Walpole’s community resource dog, a beloved golden retriever named Rebel, was nominated for the National Therapy Dog through the American Humane Hero Dog Awards. Rebel frequently attends schools across Walpole to be a therapy dog for students before exams, helps young students with their reading by providing a calming presence, supports local sports and helps to bridge the gap between police officers and Walpole students. Rebel was born and raised through the Golden Opportunities for Independence (GOFI), a program devoted to breeding golden retriever dogs and training them to become service dogs. Rebel was adopted by School Resource Officer (SRO) Thomas Hart.
“The American Humane Hero Dog Awards is an annual, nationwide competition that searches out and recognizes America’s Hero Dogs–often ordinary dogs who do extraordinary things, whether it’s saving lives on the battlefield, lending sight or hearing to a human companion or simply providing the tail-wagging welcome a pet owner relishes at the end of a hard day,” the American Humane Hero Dog Awards website stated.
American Humane has been working since 1877 to ensure the safety, welfare and well-being of animals, and they host the annual Hero Dog Awards as a way of celebrating notable dogs across the country. The contest has seven categories including Therapy Dogs, which is the award Rebel is nominated for, and presents the winners at a nationally broadcasted awards ceremony. People can vote daily for the dog they are supporting up until May 7 on the American Humane Hero Dog Award website, and after three rounds of voting, the winners will be announced before the September awards ceremony in Los Angeles. Various celebrity judges are also included in the final decision making process. Past judges include Olympian Amy Purdy and Emmy Award winning actress Carolyn Hennesy.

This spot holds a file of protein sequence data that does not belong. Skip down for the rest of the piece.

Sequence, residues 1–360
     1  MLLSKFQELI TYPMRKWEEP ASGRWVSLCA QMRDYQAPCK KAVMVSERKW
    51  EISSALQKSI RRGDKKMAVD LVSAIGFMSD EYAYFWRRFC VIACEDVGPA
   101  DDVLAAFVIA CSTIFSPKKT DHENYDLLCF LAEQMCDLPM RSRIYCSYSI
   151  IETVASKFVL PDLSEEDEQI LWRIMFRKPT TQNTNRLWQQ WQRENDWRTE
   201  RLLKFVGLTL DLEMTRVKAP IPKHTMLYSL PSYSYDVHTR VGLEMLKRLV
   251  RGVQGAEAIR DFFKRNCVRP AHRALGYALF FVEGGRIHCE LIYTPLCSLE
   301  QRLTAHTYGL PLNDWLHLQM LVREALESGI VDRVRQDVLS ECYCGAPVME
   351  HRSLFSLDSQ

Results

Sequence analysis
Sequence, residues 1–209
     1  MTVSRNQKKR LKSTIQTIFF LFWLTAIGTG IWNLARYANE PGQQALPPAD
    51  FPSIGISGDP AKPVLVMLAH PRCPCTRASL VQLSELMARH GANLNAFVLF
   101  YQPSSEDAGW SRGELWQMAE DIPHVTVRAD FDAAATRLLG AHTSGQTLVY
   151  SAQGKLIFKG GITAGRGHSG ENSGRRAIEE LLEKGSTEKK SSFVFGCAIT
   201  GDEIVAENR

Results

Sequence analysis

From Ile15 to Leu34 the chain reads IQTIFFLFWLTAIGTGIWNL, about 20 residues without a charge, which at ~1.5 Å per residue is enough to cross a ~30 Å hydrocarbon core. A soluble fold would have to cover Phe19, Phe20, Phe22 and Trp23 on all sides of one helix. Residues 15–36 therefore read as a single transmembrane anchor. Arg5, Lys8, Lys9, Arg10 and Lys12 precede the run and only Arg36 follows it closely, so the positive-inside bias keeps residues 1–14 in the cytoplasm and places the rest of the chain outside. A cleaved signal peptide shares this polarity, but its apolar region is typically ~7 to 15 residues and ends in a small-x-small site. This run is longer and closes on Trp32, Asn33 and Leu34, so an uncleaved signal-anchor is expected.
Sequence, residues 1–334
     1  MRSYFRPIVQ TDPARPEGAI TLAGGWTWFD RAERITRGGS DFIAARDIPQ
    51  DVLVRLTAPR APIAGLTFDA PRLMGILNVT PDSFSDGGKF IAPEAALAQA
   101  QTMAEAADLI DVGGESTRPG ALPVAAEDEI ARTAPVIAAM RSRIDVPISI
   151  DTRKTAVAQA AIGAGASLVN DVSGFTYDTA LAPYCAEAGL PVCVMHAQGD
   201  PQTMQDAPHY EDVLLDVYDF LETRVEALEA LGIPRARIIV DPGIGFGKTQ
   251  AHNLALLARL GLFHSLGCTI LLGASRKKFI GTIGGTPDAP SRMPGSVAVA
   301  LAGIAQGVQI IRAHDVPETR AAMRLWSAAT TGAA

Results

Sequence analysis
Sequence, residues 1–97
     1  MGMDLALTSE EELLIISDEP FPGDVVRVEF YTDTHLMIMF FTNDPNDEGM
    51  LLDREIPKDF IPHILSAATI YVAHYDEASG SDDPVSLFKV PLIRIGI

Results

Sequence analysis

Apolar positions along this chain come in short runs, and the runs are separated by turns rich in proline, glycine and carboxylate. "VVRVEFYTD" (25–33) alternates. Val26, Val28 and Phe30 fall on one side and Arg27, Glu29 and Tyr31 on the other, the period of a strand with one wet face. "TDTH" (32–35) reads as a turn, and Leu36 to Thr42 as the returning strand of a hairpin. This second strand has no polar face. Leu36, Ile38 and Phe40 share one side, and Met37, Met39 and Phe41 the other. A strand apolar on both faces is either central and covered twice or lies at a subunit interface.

“I feel that therapy dogs are great in their ability to reduce stress in students. Rebel and the other therapy dogs that visit the school provide a relaxing presence in the building where students can sit in the lobby, pet the dogs and are hopefully a little less stressed,” WHS social worker Wendy Thornton said.
Rebel’s role as a community resource dog is constantly evolving, and with the adoption of a community policing strategy for the Walpole Police Department, Rebel has aided in bringing together the community. The addition of a community resource dog has received praise from other towns, and the Norfolk County Defense Attorney Office has recently started a grant for surrounding towns to adopt their own community resource dog.
“Rebel has helped in more ways than I can count. She has helped students get over anxiety and get to class, she has helped to de-escalate students in a fight, she helped a student get to the hospital after a medical emergency, she has helped struggling readers to work harder in class and achieve their reading goals, but most importantly, she has brought the town of Walpole together,” Hart said.
Officer Hart began working as a School Resource Officer in 2017, and he adopted Rebel in the fall of 2017. Since then, Hart and Rebel have become a pair recognizable by almost all members of the Walpole community. Hart graduated from WHS in 2003, and before taking his position as SRO in 2017, has worked in the special education department of multiple Walpole schools. WHS nurse Rachel Jackson is Rebel’s co-parent, and she takes care of Rebel at night outside of school.
“I think she just makes you happy. When someone sees her, they just smile and their whole mood changes. She has brought the whole community together. No matter your age or social background, Rebel is a neutral figure who brings people together,” Jackson said.
Officer Hart started an Instagram account in 2018, and now has a following of over 1,000 people, many of which being Walpole students. The Instagram features pictures of Rebel in the community with students or officers and helps to foster a sense of community spirit. Other various Walpole social media accounts have shown support for Rebel. From elementary school teachers to high school guidance counselors, Rebel has had an outpouring of support.
“I am excited for Rebel and hopefully she wins, but there are a lot of amazing dogs up for the award so we will have to wait and see,” Hart said.